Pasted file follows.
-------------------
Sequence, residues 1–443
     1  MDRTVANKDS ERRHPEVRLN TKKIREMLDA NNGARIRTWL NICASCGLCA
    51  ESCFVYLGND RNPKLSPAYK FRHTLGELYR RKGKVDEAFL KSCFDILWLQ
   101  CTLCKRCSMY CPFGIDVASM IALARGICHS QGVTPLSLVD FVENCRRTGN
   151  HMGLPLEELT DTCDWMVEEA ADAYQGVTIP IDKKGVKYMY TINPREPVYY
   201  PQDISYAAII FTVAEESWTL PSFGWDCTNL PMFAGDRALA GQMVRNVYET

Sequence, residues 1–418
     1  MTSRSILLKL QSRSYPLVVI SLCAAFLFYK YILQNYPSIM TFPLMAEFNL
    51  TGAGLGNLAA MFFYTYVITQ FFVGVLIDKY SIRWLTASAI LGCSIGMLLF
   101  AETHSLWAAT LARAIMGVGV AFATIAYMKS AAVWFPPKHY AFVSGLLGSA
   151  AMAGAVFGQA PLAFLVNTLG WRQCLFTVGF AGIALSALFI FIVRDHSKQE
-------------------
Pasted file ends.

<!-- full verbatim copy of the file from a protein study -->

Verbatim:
Sequence, residues 1–443
     1  MDRTVANKDS ERRHPEVRLN TKKIREMLDA NNGARIRTWL NICASCGLCA
    51  ESCFVYLGND RNPKLSPAYK FRHTLGELYR RKGKVDEAFL KSCFDILWLQ
   101  CTLCKRCSMY CPFGIDVASM IALARGICHS QGVTPLSLVD FVENCRRTGN
   151  HMGLPLEELT DTCDWMVEEA ADAYQGVTIP IDKKGVKYMY TINPREPVYY
   201  PQDISYAAII FTVAEESWTL PSFGWDCTNL PMFAGDRALA GQMVRNVYET

Sequence, residues 1–418
     1  MTSRSILLKL QSRSYPLVVI SLCAAFLFYK YILQNYPSIM TFPLMAEFNL
    51  TGAGLGNLAA MFFYTYVITQ FFVGVLIDKY SIRWLTASAI LGCSIGMLLF
   101  AETHSLWAAT LARAIMGVGV AFATIAYMKS AAVWFPPKHY AFVSGLLGSA
   151  AMAGAVFGQA PLAFLVNTLG WRQCLFTVGF AGIALSALFI FIVRDHSKQE